# Aryabhata: The Great Indian Astronomer & Mathematician

On October 22, 2008, a group of space scientists huddled together in tense anticipation. They were awaiting the launch of **Chandrayaan-1**, India’s first lunar probe. The probe, which made India just the fourth nation to plant its flag on the moon, led to important findings such as evidence of water and ice on the moon’s surface. As opposed to trying to reach the moon on a direct trajectory, the mission involved sending the probe to the moon via an unorthodox method, a series of orbit-increasing manoeuvres. To do so, the probe used an equation by **Aryabhata** – as explained by the then head of the Indian Space Research Organization, *G. Madhavan Nair*, in an India Today news article on February 22, 2015.

## Who was this Aryabhata?

Aryabhata was a fifth-century astronomer and mathematician who, in 499 CE, wrote what was to become a singularly famous astronomical treatise, revolutionizing the way people thought of the universe. Its name was the *Aryabhatiya**.* He mentions in the Aryabhatiya that it was composed 3,600 years into the Kali Yuga, when he was 23 years old. This corresponds to 499 CE, and implies that he was born in 476.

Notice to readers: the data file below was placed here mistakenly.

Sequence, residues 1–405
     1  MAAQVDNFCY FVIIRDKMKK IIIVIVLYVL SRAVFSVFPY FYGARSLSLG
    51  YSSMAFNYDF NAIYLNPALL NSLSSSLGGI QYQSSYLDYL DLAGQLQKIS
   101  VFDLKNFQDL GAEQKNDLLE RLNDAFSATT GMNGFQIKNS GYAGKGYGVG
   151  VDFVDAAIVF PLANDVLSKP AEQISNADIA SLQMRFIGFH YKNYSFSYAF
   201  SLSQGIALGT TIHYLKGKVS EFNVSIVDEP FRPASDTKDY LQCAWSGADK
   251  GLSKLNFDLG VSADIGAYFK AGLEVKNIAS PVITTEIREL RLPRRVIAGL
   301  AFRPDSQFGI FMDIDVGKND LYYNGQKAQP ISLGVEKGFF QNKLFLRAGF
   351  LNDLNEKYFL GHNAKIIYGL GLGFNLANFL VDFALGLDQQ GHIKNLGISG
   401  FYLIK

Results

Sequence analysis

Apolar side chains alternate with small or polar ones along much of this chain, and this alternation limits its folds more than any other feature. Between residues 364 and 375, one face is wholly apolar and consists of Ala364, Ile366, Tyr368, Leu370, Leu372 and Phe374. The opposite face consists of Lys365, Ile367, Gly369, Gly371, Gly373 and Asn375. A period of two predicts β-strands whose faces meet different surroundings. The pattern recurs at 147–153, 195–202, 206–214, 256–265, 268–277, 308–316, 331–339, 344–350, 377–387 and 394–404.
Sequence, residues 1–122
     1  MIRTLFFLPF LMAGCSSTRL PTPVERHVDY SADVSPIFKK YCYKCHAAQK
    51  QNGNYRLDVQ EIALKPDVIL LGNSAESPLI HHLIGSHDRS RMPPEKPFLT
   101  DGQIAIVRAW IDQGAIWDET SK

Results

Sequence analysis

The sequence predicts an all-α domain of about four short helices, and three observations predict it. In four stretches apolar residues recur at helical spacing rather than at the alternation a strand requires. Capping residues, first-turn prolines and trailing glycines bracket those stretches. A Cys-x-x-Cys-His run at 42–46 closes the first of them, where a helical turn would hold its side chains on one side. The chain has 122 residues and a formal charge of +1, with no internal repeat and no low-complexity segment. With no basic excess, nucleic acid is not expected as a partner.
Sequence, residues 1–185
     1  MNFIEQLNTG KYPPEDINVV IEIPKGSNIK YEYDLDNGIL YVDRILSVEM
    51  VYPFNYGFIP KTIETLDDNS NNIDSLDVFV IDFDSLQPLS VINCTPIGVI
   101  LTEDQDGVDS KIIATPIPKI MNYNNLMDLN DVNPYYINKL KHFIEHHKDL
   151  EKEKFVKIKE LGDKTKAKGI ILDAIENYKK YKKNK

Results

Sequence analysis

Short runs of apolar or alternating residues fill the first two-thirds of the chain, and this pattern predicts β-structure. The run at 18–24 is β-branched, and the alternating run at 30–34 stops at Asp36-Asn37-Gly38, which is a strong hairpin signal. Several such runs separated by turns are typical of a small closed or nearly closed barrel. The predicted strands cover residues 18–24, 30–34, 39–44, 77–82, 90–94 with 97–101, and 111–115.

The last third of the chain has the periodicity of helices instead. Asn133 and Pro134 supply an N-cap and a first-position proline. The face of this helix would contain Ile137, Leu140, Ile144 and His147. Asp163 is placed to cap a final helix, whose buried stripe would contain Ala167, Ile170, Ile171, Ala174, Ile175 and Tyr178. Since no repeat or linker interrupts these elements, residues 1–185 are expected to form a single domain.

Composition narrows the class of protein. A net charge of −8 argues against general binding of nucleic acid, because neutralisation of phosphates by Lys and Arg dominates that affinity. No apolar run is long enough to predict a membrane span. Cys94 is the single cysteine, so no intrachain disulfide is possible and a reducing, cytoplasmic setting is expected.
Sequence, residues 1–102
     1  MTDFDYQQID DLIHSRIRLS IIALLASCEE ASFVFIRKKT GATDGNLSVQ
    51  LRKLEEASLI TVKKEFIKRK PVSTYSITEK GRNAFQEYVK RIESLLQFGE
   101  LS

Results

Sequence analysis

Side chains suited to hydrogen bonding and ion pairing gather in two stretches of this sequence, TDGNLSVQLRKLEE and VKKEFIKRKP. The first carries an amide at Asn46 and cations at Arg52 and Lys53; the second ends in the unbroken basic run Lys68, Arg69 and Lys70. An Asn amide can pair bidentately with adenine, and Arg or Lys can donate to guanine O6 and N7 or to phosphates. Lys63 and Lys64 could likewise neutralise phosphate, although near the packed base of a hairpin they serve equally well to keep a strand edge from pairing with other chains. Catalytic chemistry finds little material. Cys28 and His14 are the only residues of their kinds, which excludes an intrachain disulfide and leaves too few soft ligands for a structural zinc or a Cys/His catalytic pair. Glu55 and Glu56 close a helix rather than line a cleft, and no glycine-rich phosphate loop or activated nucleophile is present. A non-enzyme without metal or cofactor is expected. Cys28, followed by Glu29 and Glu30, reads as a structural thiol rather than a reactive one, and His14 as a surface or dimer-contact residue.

Aryabhata provides no information about his place of birth. The only information comes from **Bhāskara I **(7th-century Indian mathematician), who describes Aryabhata as **āśmakīya**, “*one belonging to the aśmaka country.*” During the Buddha’s time, a branch of the Aśmaka people settled in the region between the Narmada and Godavari rivers in central India; Aryabhata is believed to have been born there. But there have been numerous other places proposed by historians as his birthplace. Some conjecture that he was born in south India, perhaps Kerala, Tamil Nadu or Andhra Pradesh, while others conjecture that he was born in the north-east of India, perhaps in Bengal.

We do know that Aryabhata wrote Aryabhatiya in *Kusumapura *and it is also accepted that he lived most of his life in Kusumapura. However, location of Kusumpura is not certain. According to many scholars it was located close to **Pataliputra** (which was refounded as Patna in Bihar in 1541).

We should note that Kusumapura became one of the two major mathematical centres of India, the other being *Ujjain*. Pataliputra, being the capital of the **Gupta Empire** at the time of Aryabhata, was the centre of a communications network which allowed learning from other parts of the world to reach it easily, and also allowed the mathematical and astronomical advances made by Aryabhata and his school to reach across India and also eventually into the Islamic world.